Monday’s editorial outlined how, over the decades, individual school districts have stepped up to pay a greater share of teacher and other school employee pay, and how that will have to end under the state Supreme Court’s McCleary decision’s mandate that the state fully fund basic education.
Local levies have become the default method for districts to pay teachers and other employees above the shrinking share the state has provided, but that has, depending on voter support and local economies, resulted in an imbalance among districts in the quality of education they are able to provide.
The solution required by the Supreme Court and by lawmaker’s own legislation, is for the state to fully fund education as its “paramount duty.” That will require the state to provide the funding for a far greater share of teacher pay, a commitment that will require more revenue.
“There’s nothing more basic to basic education than teacher compensation,” said Dan Steele, associate executive director with the Washington Association of School Administrators.
The school administrators group, in lobbying legislators and others, is making its case that the state must find a new source of revenue, a tax increase or new tax, to fulfill that duty to education. While the economy is improving, it won’t create enough revenue to meet the need. The Legislature’s options for budget cuts are limited and those in education don’t want to force cuts elsewhere, particularly where such cuts would effect the children they are teaching. And moving money around among school districts isn’t enough.
There are good reasons to reform the levy system, but a “levy swap” or levy equalization that would only redistribute funds from more fortunate districts to poorer districts won’t be adequate to address the funding needed for school employee compensation, Steele said.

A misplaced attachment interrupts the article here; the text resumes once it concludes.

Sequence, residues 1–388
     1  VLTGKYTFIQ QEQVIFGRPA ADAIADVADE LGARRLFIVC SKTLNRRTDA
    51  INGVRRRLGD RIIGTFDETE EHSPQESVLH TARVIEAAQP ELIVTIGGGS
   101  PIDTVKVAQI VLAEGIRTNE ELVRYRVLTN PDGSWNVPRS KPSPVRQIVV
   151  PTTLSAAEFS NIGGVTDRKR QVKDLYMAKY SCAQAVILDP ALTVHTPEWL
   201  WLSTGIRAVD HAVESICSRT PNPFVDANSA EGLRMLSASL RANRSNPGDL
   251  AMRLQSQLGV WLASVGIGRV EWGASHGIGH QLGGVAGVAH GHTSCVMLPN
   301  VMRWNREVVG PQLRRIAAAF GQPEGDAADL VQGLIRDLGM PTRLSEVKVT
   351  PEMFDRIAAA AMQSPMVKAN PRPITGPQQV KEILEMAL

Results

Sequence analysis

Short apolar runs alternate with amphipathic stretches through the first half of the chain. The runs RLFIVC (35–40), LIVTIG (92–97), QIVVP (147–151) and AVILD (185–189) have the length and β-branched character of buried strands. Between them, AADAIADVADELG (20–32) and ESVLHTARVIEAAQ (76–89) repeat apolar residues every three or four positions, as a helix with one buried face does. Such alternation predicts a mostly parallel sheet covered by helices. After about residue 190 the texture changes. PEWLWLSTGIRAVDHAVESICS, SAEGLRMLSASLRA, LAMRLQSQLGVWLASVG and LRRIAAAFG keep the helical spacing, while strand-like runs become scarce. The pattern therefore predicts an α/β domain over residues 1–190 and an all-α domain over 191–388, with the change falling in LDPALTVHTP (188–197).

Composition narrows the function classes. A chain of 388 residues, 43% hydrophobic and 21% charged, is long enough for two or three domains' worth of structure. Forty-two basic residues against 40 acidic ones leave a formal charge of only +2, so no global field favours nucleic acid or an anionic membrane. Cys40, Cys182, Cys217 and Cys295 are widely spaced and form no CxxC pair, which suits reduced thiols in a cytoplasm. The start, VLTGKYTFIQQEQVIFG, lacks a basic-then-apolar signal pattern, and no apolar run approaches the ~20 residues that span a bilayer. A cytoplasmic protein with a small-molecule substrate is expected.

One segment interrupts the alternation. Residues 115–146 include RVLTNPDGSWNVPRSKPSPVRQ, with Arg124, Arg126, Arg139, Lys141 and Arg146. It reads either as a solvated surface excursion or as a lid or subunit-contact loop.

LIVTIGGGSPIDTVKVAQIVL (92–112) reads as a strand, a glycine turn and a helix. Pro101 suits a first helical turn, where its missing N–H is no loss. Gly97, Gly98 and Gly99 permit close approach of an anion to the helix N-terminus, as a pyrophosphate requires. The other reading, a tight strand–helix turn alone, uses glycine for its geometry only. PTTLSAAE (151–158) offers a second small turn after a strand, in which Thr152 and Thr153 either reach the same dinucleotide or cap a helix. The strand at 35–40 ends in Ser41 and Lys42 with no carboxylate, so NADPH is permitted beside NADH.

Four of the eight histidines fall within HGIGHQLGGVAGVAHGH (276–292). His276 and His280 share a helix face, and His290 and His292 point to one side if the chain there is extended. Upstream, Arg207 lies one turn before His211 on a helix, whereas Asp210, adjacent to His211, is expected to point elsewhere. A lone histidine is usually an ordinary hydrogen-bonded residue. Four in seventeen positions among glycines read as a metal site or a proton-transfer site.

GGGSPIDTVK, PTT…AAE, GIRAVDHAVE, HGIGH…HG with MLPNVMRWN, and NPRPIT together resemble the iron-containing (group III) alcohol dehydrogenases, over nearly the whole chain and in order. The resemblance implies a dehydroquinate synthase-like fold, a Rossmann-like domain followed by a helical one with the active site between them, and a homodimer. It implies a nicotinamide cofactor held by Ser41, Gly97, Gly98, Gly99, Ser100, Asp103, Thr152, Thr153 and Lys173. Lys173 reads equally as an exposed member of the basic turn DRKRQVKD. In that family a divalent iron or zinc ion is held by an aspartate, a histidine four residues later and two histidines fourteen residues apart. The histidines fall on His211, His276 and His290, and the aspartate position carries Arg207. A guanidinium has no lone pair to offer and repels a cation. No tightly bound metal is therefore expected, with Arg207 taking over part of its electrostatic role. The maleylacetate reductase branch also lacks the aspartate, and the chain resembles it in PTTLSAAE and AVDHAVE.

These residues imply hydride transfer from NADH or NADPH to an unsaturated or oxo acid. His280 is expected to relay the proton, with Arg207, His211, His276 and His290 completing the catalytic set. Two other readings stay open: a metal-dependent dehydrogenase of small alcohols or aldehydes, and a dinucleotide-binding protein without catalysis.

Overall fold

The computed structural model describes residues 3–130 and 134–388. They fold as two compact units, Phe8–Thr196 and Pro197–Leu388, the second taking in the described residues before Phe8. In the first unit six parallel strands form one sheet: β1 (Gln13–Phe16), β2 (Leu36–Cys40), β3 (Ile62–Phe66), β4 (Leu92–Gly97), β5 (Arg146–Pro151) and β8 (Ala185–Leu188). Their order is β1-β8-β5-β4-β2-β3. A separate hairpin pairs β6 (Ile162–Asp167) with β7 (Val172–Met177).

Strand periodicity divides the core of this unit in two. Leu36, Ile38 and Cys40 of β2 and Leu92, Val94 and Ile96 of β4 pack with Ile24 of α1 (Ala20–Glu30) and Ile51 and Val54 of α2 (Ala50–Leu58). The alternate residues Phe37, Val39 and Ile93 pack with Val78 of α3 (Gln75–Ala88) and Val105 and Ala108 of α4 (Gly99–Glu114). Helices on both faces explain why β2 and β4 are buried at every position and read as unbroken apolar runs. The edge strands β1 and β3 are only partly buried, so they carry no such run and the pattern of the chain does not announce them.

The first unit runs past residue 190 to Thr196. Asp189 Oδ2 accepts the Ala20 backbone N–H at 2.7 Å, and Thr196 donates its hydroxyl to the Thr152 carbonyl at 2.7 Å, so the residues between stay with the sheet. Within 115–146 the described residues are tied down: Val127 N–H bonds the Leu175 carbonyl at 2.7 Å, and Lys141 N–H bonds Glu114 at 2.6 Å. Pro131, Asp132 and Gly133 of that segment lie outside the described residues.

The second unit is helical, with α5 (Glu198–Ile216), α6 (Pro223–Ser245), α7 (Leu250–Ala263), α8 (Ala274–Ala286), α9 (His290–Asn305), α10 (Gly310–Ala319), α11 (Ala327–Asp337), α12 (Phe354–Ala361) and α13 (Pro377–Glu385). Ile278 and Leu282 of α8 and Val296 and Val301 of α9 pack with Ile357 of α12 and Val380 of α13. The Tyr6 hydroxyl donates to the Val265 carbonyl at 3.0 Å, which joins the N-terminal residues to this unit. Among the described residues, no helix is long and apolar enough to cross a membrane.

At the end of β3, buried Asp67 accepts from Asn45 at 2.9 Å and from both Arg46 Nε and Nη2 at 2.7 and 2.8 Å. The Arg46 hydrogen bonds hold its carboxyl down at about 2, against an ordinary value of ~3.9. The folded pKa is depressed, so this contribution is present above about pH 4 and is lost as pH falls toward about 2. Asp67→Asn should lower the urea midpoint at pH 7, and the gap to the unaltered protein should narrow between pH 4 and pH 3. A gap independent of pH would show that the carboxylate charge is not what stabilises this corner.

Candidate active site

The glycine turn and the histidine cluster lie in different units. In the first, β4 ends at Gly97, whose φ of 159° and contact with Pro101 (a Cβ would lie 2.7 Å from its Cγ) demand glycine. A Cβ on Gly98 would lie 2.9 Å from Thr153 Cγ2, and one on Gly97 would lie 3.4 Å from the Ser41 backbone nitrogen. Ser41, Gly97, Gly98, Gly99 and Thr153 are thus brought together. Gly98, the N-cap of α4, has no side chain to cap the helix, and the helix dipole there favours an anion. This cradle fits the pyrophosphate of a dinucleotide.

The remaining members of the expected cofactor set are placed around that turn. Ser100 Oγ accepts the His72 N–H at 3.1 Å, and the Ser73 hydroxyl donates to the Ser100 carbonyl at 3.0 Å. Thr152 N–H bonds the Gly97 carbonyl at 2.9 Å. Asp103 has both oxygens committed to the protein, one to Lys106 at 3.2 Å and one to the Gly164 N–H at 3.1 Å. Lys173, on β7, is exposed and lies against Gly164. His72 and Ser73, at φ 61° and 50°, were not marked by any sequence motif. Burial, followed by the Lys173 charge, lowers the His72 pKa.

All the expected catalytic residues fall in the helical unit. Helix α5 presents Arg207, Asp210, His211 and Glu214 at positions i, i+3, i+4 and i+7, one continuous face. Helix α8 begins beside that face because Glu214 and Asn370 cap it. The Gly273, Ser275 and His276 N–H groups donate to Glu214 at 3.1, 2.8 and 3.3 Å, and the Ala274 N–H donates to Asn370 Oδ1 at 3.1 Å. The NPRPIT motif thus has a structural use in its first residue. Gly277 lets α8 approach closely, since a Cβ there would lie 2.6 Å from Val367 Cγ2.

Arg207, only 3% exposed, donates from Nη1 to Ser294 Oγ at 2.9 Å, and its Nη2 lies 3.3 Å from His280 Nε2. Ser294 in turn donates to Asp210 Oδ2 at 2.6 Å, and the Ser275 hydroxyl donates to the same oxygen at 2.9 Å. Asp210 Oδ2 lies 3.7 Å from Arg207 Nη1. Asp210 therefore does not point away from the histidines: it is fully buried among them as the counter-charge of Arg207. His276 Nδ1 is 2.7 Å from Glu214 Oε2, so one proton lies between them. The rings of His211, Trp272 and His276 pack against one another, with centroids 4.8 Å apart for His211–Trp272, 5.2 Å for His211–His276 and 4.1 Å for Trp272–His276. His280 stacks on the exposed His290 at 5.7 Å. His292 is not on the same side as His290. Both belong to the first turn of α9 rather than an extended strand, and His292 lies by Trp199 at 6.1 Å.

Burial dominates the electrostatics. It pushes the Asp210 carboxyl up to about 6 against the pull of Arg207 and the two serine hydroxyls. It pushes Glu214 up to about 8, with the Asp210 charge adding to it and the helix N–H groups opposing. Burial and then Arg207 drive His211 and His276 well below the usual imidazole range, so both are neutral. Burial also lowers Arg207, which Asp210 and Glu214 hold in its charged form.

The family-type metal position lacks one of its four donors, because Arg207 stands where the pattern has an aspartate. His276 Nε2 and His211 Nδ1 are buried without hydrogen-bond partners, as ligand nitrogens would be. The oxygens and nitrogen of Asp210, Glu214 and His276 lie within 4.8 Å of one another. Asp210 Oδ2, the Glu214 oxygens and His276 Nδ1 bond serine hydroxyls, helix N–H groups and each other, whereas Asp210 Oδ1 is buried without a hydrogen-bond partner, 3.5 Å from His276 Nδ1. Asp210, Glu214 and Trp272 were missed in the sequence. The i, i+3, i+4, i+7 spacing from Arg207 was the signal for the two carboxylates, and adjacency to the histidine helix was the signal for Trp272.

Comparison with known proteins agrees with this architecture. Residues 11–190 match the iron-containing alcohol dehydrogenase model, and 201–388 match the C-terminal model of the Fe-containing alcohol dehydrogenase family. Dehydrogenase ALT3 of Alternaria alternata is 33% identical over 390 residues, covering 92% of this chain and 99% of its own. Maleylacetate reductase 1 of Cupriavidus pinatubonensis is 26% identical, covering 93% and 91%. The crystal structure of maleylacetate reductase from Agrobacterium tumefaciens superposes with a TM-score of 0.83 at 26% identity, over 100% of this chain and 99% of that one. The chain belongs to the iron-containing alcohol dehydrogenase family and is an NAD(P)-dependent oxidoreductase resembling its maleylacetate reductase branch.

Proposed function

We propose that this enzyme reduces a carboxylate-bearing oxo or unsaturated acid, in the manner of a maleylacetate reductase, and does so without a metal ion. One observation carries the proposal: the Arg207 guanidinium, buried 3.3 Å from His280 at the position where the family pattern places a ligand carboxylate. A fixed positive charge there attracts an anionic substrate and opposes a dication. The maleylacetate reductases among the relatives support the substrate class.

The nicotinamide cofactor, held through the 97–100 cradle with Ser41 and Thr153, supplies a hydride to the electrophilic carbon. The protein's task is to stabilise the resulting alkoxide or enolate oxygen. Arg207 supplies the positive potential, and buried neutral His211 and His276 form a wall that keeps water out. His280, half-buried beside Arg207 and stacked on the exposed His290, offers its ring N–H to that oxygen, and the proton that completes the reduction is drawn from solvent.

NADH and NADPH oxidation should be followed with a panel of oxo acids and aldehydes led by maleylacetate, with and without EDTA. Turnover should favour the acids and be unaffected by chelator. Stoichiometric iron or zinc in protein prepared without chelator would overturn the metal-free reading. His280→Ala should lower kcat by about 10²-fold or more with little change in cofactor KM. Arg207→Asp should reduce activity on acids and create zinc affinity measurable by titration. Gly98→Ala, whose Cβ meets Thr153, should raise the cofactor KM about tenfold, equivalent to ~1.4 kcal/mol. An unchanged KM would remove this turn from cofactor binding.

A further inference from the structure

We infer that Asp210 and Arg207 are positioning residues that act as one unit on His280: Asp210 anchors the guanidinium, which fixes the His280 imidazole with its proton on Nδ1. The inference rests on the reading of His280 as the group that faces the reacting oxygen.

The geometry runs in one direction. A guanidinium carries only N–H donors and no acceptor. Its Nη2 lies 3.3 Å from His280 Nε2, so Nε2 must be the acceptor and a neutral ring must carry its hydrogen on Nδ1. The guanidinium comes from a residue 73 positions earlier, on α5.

The school administrators, beyond calling for more revenue, are leaving the tax policy debate to legislators.
The state’s solution when raising taxes has been to allow municipalities and other districts to increase the sales tax, a practice that has left Washington state with the most regressive tax system in the nation, according to Forbes.com and others.
A better option, though not the only one, would be to give another look to Gov. Jay Inslee’s earlier proposal in his budget for a capital gains tax. As proposed, the capital gains tax would collect a 7 percent tax on earnings on the sale of stocks and bonds above $25,000 for individuals and $50,000 for joint filers. Homes, farms and retirement accounts would be exempt from the tax.
Yesterday, we talked of the need for compromise. In securing Republican support for a tax increase, Democrats and the state’s teachers unions should also now consider giving the state a larger role in collective bargaining. Currently, teacher contracts are negotiated by the unions’ local units. As the state takes on the financial responsibility for paying teachers and other employees, it follows that it should be involved in the negotiations.
There will remain a need for local bargaining, specifically for the supplemental roles teachers often take on for coaching, advising student groups and serving as department chairmen and chairwomen but also for issues not involving compensation.
With all that the Legislature has in front of it, Steele said he doesn’t see the opportunity for the collective bargaining issue to be addressed this session. A pledge to continue the work would help.
The more immediate need for the state is to ensure that education has the funding that the constitution and the state’s residents demand.